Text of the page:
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Effect of Zinc on early graft failure following intraportal islet transplantation in rat recipients

Tatsuya Okamoto, Tamotsu Kuroki, Tomohiko Adachi, Shinichiro Ono, Tomayoshi Hayashi, Yoshitsugu Tajima, Susumu Eguchi, Takashi Kanematsu

Ann Transplant 2011; 16(3): 114-120

ID: 882003

Background:    Zinc (Zn) is related to insulin synthesis, storage and secretion. Zn status in patients with Type 1 diabetes is significantly lower than in healthy controls. Intraportal islet transplantation (IPIT) is a radical treatment for diabetes, the success of which depends largely on the survival of the transplanted islets. This study demonstrates the impact of a Zn-rich environment on transplanted islet survival.
    Material/Methods:    Diabetic Wistar rats were transplanted with syngeneic islets. Rats in the high-Zn-diet group were fed a standard pelleted diet containing ZnSO4 at 1000 ppm, whereas those in the control group were fed an ordinary diet alone (ZnSO4 at 50 ppm) for two weeks prior to islet transplantation. We examined Zn level of plasma, the blood glucose levels, and histological findings, etc., after intraportal islet transplantation.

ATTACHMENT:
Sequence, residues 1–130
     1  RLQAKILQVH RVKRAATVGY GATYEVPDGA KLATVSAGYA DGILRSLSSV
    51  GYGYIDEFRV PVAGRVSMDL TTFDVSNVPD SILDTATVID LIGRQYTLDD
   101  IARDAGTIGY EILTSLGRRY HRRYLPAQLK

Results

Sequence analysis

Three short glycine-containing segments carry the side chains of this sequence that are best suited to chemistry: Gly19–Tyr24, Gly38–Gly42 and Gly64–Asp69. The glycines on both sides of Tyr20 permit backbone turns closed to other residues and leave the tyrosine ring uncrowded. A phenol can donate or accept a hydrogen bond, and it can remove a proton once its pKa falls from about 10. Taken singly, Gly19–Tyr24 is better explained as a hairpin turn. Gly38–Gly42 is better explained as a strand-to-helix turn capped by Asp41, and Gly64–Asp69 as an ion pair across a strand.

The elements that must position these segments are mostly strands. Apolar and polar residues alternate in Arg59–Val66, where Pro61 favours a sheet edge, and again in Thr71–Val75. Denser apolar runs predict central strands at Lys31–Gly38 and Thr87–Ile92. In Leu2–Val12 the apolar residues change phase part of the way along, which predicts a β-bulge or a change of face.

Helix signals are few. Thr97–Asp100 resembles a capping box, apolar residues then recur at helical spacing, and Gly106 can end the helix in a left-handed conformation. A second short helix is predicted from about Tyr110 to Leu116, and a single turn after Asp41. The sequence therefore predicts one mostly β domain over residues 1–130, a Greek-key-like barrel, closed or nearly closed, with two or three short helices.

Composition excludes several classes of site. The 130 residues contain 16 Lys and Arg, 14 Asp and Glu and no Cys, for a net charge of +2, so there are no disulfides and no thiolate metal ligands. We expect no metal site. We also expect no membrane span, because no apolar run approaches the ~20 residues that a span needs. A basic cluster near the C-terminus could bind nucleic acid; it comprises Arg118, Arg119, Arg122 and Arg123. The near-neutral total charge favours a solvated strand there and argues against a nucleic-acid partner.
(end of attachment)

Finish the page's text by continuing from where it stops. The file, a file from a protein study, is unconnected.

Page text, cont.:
Results:    The high-Zn-diet group showed excellent blood glucose control compared with the control group on observation days 3, (237.1±120.6 mg/dl vs. 164.2±69.1 mg/dl; p<0.05) and 14, (273.7±160.9 mg/dl vs. 179.2±114.3 mg/dl; p<0.05). Early graft failure was found to be suppressed in the high-Zn-diet group on day 3 after transplantation (6.7% vs. 33.3%: p<0.05). As for the percentage of granulated islets, the high-Zn-diet group was improved (65.1% vs. 41.8%: p<0.05).
    Conclusions:    These results indicated that a zinc-rich environment is advantageous for the recipient in intraportal islet transplantation. Zn is harmless in humans; thus, we consider that Zn supplementation could be a simple way to improve clinical results of intraportal islet transplantation.

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